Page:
Handlers for user-facing requests spend most of their time calling App Engine services, such as the datastore or memcache. As such, making user-facing requests fast requires understanding how your application calls services, and applying techniques to optimize the heaviest uses of calls.
We’ve seen three optimization techniques already, but they’re worth reviewing:
Store heavily used results of datastore queries, URL fetches, and large computations in memcache. This exchanges expensive operations (even simple datastore gets) for fast calls to the memcache in the vast majority of cases, at the expense of a potentially stale view of the data in rare cases.
Defer work outside of the user-facing request by using task queues. When the work to prepare results for users occurs outside of the user-facing request, it’s easy to see how user-facing requests are dominated by requests to the datastore or memcache.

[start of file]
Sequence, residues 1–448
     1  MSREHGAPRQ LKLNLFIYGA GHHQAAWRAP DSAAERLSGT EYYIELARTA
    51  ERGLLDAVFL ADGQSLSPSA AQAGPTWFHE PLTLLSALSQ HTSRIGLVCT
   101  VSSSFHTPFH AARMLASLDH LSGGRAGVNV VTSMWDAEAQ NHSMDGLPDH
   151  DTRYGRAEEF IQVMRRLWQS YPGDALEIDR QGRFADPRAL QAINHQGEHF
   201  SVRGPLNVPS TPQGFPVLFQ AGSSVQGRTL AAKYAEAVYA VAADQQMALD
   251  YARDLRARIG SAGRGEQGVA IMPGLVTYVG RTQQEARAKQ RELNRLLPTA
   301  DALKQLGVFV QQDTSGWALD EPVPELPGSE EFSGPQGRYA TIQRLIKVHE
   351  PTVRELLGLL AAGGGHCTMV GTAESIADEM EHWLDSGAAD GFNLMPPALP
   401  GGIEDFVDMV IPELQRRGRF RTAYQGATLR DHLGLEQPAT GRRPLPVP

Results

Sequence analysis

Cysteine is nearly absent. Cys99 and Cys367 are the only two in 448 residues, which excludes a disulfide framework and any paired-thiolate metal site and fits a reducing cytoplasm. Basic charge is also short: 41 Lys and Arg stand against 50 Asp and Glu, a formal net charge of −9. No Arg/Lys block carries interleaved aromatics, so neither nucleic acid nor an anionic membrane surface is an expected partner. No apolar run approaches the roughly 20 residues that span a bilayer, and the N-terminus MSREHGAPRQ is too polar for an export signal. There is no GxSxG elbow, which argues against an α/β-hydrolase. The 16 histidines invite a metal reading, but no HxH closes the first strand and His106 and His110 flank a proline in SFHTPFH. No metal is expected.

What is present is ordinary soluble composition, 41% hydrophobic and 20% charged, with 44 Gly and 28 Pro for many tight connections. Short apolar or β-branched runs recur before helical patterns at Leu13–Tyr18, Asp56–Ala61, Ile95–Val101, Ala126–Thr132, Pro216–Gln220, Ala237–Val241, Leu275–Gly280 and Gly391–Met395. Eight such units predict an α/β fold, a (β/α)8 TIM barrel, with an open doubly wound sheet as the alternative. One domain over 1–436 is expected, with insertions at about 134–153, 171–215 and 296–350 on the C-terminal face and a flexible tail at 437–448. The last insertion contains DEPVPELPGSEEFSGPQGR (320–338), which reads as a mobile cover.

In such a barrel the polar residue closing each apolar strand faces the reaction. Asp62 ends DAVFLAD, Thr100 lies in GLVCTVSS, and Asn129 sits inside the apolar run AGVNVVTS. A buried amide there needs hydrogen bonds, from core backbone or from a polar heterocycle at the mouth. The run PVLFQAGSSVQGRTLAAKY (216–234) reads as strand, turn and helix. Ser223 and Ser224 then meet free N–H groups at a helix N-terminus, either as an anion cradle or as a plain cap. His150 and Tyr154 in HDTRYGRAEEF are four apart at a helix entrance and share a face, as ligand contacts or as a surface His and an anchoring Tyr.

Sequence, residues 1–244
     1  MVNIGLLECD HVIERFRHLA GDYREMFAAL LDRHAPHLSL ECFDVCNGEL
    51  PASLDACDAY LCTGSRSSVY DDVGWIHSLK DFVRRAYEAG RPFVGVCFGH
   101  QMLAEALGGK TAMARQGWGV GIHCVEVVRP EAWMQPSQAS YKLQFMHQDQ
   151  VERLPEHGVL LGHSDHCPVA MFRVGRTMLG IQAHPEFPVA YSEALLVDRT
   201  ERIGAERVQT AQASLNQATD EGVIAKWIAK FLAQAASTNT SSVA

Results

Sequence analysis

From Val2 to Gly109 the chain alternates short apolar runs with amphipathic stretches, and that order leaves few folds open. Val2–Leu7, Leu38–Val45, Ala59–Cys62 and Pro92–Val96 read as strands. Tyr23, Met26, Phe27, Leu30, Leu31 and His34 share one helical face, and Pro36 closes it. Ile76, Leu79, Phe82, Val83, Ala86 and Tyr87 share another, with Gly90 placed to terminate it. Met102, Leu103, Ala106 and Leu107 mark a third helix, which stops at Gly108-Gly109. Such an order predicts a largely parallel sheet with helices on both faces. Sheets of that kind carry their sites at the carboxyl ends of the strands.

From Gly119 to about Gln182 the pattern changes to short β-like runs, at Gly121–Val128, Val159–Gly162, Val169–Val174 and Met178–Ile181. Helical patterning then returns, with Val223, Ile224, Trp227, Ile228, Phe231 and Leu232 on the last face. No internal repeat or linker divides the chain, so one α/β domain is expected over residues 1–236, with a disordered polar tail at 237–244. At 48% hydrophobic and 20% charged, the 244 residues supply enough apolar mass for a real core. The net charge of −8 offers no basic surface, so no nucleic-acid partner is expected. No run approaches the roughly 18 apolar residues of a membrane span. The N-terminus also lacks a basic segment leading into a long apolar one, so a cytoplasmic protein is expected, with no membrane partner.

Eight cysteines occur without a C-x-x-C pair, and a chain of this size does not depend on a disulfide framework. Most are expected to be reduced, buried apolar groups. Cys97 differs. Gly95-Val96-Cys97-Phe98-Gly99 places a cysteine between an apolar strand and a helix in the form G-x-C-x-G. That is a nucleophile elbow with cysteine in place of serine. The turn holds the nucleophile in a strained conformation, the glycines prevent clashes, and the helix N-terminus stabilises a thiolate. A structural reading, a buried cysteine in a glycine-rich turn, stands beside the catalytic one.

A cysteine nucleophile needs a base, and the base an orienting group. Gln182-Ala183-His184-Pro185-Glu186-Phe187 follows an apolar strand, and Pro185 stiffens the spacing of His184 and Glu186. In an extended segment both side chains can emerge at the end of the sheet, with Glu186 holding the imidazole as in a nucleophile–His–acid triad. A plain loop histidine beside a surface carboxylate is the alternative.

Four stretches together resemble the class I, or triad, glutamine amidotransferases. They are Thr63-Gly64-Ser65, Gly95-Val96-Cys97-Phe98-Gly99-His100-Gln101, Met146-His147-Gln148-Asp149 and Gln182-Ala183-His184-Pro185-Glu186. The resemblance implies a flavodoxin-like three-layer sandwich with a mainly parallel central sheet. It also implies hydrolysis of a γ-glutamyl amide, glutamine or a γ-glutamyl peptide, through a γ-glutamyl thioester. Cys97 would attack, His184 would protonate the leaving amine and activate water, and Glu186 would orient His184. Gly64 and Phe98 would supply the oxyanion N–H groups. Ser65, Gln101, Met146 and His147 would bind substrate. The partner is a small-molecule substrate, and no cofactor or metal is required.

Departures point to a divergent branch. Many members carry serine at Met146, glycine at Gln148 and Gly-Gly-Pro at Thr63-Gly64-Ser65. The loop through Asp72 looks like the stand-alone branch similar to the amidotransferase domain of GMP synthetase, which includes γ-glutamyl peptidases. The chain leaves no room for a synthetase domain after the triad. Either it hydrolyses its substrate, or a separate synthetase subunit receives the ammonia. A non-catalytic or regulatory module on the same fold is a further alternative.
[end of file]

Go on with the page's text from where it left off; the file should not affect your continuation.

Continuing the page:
Use the datastore and memcache batch APIs when operating on many independent elements (when batch size limitations are not an issue). Every call to the service has remote procedure call overhead, so combining calls into batches saves overhead. It also reduces clock time spent on the call, because the services can perform the operations on the elements in parallel.
Another important optimization technique is to call services asynchronously. When you call a service asynchronously, the call returns immediately. Your request handler code can continue executing ...